One of the most ideologically damaging aspects of Labour opening the floodgates of printed billions to corporate banks is the use of failed trickle down economics to justify it.
Not only does this speculator welfare damage the immediate aspirations of renters and first time home buyers, it’s a flawed bitter solution that promises empty neoliberal faith rather than genuine hope.
Labour flooded the speculators under the belief that this speculative sugar hit in property valuations will generate enough paper illusion of wealth that credit cards will be extended and generate a wave of extra spending into the local community.
Turns out the neoliberal promise of trickle down, the idea tax cuts for the wealthy will trickle down to us little people was all bullshit…
Tax cuts for the wealthy have long drawn support from conservative lawmakers and economists who argue that such measures will “trickle down” and eventually boost jobs and incomes for everyone else. But a new study from the London School of Economics says 50 years of such tax cuts have only helped one group — the rich.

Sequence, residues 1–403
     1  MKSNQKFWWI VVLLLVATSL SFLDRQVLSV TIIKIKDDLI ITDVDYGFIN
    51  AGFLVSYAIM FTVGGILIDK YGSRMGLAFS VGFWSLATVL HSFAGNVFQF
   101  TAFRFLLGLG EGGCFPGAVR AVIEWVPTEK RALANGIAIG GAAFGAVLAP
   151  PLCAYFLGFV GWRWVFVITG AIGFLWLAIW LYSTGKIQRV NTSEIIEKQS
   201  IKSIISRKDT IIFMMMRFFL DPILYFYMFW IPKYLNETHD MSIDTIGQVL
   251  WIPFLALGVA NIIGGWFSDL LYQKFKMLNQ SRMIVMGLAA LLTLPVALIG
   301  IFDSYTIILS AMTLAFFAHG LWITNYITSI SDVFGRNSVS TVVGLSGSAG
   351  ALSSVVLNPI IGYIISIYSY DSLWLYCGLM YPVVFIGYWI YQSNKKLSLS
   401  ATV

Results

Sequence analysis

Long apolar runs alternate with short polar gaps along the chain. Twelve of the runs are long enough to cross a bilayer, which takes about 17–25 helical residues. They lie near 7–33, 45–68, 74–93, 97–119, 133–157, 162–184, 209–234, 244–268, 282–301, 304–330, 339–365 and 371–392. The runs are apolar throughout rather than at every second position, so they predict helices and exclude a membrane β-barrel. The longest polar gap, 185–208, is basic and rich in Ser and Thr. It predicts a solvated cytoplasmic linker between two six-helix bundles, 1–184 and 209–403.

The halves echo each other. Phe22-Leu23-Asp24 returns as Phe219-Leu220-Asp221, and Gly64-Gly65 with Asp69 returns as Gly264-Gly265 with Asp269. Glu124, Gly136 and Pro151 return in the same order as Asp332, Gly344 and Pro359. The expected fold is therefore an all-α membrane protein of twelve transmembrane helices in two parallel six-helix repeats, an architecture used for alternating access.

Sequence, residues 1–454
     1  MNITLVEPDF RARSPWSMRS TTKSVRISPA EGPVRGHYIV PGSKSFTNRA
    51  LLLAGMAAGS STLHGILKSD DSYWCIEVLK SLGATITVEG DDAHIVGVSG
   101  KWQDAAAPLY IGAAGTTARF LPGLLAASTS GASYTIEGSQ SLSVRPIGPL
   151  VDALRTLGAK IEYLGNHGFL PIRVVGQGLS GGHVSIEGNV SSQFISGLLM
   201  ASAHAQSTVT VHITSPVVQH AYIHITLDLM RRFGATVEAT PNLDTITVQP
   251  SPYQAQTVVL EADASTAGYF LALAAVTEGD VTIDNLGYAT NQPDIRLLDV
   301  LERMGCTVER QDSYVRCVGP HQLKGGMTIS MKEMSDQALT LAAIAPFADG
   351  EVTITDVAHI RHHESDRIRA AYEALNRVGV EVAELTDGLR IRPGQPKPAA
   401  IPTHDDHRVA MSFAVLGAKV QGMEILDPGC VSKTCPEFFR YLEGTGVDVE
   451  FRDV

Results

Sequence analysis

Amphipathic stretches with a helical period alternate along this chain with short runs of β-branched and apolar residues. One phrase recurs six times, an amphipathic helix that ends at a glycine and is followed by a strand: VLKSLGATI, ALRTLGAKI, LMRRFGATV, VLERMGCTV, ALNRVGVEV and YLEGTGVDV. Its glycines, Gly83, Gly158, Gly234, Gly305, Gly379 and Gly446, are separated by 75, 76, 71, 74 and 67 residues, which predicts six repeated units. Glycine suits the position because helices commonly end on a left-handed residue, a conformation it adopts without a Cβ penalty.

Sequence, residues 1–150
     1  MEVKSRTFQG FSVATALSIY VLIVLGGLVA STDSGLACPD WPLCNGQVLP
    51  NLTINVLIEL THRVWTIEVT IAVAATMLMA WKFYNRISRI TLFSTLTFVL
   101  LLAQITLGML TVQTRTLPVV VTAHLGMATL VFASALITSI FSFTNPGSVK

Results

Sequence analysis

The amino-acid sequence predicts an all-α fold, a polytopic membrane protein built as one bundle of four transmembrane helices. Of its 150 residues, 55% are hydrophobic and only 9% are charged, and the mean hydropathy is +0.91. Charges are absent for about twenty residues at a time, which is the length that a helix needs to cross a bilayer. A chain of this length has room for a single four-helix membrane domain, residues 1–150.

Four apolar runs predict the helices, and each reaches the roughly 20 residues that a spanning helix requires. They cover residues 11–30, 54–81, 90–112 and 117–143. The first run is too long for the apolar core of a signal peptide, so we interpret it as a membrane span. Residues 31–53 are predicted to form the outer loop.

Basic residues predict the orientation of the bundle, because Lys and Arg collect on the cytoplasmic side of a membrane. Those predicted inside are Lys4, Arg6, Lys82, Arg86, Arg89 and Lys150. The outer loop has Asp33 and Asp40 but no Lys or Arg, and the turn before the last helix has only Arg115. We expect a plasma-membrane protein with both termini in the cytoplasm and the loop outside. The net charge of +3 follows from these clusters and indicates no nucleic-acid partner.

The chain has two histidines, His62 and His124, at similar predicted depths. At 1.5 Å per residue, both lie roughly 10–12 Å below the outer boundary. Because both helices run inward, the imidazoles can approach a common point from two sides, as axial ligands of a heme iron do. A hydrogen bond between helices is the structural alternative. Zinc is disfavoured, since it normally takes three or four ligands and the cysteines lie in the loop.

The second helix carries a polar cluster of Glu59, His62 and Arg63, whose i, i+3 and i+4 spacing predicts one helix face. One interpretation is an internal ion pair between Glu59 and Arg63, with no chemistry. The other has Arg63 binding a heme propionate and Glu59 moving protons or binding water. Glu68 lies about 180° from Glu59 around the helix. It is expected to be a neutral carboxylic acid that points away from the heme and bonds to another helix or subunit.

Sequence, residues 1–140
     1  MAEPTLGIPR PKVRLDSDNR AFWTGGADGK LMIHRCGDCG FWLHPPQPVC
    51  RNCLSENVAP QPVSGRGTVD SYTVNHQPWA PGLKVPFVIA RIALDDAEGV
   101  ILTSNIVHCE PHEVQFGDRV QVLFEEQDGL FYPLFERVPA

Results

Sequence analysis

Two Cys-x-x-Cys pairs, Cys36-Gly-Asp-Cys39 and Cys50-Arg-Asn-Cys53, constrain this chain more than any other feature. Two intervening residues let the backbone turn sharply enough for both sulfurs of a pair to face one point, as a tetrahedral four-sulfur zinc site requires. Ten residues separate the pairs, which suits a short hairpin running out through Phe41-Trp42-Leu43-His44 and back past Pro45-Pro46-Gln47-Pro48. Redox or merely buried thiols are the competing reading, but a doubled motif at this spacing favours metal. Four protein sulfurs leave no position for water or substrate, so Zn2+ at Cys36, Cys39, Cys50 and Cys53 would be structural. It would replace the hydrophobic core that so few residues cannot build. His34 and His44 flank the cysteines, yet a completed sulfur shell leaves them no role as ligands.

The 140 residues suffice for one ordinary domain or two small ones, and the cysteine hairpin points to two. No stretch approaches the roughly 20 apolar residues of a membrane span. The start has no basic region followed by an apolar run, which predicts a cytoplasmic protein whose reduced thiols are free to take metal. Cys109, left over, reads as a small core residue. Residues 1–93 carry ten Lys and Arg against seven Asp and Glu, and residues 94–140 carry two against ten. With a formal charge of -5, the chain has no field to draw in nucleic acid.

The new paper, by David Hope of the London School of Economics and Julian Limberg of King’s College London, examines 18 developed countries — from Australia to the United States — over a 50-year period from 1965 to 2015. The study compared countries that passed tax cuts in a specific year, such as the U.S. in 1982 when President Ronald Reagan slashed taxes on the wealthy, with those that didn’t, and then examined their economic outcomes.
Per capita gross domestic product and unemployment rates were nearly identical after five years in countries that slashed taxes on the rich and in those that didn’t, the study found.
But the analysis discovered one major change: The incomes of the rich grew much faster in countries where tax rates were lowered. Instead of trickling down to the middle class, tax cuts for the rich may not accomplish much more than help the rich keep more of their riches and exacerbate income inequality, the research indicates.
“Based on our research, we would argue that the economic rationale for keeping taxes on the rich low is weak,” Julian Limberg, a co-author of the study and a lecturer in public policy at King’s College London, said in an email to CBS MoneyWatch. “In fact, if we look back into history, the period with the highest taxes on the rich — the postwar period — was also a period with high economic growth and low unemployment.”
…has anyone told Labour yet?
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